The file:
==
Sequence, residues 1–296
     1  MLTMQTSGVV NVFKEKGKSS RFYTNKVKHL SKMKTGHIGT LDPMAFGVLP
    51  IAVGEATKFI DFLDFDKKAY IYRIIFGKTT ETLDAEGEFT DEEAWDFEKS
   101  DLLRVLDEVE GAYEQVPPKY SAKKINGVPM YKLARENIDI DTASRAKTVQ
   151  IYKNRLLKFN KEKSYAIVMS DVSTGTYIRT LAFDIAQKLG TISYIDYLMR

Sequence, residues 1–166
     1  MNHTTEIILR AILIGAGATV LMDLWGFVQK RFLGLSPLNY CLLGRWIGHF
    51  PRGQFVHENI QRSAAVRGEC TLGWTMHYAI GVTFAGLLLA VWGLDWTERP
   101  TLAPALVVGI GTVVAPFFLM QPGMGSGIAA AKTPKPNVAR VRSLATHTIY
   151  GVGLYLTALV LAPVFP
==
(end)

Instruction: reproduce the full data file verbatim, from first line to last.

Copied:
Sequence, residues 1–296
     1  MLTMQTSGVV NVFKEKGKSS RFYTNKVKHL SKMKTGHIGT LDPMAFGVLP
    51  IAVGEATKFI DFLDFDKKAY IYRIIFGKTT ETLDAEGEFT DEEAWDFEKS
   101  DLLRVLDEVE GAYEQVPPKY SAKKINGVPM YKLARENIDI DTASRAKTVQ
   151  IYKNRLLKFN KEKSYAIVMS DVSTGTYIRT LAFDIAQKLG TISYIDYLMR

Sequence, residues 1–166
     1  MNHTTEIILR AILIGAGATV LMDLWGFVQK RFLGLSPLNY CLLGRWIGHF
    51  PRGQFVHENI QRSAAVRGEC TLGWTMHYAI GVTFAGLLLA VWGLDWTERP
   101  TLAPALVVGI GTVVAPFFLM QPGMGSGIAA AKTPKPNVAR VRSLATHTIY
   151  GVGLYLTALV LAPVFP